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7 Tips on how to adapt teacher-student rapport while teaching online

Teachers have always focused on building rapport with students. They want all students in the classroom to feel comfortable sharing their thoughts and ideas without any fear or shame.

A harmonious learner-educator relationship is also crucial for academic achievement and motivation. How can we create that close connection between teachers and students who learn online? Are there any specific rapport building activities we should rely on? Let’s explore a few ideas:

  1. Use the force of eye contact

    During online lectures, you’re usually teaching a group of students, and you can’t establish eye contact with them. But you can talk to the camera. Look at the camera instead of the computer screen. Your students will perceive that you’re having a more authentic conversation.

  2. Address individual students

    Focus on building rapport questions by addressing each student individually during lectures. But try not to overwhelm them! Make them feel comfortable. Leave some space for casual talk — it’s not part of the lesson, but it means a lot to your students.

  3. Make sure students are comfortable with the online activities

    Ask each student if they have access to a computer or a tablet during the scheduled time. You shouldn’t make the answers public. If some of your students have difficulties accessing a device, ask if they can follow recorded lectures. If not, do your best to provide a tablet for them.

  4. Start each online teaching session with a game

    You can use simple rapport-building questions or even games to make your students feel comfortable. For instance, you can ask them if they prefer football or basketball and then use the answers as votes and have a dedicated history lesson for the sport that most of them prefer.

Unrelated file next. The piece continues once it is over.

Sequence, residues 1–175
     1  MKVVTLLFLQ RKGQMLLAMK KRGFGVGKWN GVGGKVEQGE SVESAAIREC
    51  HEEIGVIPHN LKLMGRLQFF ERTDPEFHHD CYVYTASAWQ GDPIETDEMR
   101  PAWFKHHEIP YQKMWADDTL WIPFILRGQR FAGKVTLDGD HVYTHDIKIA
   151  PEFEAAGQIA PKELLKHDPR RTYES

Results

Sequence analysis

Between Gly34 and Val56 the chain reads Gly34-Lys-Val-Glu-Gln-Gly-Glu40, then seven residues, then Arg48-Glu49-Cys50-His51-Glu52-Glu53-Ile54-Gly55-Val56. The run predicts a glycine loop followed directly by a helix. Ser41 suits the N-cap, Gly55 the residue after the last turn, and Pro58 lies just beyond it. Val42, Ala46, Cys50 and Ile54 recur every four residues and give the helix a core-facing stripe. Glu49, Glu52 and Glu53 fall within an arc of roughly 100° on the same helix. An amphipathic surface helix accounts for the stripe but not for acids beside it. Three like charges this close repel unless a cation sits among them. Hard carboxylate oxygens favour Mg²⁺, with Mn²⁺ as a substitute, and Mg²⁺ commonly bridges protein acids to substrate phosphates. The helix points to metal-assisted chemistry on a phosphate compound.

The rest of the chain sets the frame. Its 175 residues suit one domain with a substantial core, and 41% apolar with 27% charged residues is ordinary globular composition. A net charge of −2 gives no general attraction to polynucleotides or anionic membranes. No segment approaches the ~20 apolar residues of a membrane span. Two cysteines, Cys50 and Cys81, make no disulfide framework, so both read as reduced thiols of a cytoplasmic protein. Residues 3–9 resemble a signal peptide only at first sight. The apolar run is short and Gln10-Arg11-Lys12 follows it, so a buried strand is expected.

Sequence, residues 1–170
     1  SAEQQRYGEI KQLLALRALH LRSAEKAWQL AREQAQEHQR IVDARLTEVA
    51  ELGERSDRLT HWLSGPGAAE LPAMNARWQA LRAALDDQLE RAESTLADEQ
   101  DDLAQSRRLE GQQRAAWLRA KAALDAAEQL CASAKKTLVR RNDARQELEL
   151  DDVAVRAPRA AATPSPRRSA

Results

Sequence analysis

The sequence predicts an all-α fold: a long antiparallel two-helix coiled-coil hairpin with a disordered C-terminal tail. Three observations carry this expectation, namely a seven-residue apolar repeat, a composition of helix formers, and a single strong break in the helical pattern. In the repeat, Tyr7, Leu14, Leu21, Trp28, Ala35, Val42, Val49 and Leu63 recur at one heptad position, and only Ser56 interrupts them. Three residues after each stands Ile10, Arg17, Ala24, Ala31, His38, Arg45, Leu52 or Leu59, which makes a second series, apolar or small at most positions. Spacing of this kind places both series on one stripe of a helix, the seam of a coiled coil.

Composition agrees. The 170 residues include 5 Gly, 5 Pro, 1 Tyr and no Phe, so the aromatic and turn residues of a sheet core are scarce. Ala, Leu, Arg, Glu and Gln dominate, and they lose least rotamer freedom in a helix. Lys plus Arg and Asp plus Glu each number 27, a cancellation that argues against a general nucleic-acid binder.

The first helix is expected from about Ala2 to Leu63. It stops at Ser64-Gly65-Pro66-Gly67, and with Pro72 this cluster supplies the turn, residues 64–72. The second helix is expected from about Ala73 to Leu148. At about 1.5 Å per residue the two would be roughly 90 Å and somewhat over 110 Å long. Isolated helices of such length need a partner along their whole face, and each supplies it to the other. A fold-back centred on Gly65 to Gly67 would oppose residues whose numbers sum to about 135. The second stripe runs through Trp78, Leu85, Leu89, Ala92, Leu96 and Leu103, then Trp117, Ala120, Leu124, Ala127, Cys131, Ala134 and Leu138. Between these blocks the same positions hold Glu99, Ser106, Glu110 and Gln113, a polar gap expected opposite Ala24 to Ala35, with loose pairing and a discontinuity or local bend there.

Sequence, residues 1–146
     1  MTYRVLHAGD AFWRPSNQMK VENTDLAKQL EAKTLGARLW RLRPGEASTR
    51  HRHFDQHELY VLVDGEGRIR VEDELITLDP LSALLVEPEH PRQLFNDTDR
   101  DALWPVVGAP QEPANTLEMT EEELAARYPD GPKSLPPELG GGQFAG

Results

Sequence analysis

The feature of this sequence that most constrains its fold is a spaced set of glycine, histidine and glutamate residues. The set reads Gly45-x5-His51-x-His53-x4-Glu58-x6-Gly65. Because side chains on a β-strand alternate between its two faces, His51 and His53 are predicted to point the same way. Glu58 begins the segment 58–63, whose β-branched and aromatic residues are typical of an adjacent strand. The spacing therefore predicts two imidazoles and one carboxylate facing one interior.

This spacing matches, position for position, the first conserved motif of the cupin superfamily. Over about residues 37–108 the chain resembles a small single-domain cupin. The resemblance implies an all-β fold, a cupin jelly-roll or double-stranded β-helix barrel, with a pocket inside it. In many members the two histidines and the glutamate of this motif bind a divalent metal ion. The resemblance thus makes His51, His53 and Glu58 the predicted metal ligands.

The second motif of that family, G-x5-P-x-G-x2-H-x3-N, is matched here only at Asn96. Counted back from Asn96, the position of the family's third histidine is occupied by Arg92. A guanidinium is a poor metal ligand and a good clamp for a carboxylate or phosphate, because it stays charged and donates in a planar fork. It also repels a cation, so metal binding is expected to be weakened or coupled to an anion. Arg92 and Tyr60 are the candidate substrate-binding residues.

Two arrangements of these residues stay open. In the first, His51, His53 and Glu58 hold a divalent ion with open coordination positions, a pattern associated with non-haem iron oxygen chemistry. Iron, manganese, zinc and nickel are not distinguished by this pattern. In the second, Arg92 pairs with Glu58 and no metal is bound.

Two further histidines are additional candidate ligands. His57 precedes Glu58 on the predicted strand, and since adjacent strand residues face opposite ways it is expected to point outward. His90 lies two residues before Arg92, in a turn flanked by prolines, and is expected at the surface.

5. Teach your students: There are no stupid questions

    The online teaching process makes it difficult to get your students to open up. Explain that there are no stupid questions. Never underestimate the questions you get. It means that you didn’t explain something well enough, so take the time to cover those aspects of the lesson.

  6. Praise the results; not the individuals

    When you focus on the result instead of the person, you prove that excellence can be achieved through hard work. Anyone can make an effort to end up with a better outcome, and you should instill this belief in your students, in online and offline classes.

  7. Let your students participate in the process

    Always have a back-up plan in case no one opens up, but allow your students to make their suggestions, no matter how silly they seem. Do they want to play Hangman online? That’s fun! Just make sure that everyone is into the activity and don’t make it mandatory.

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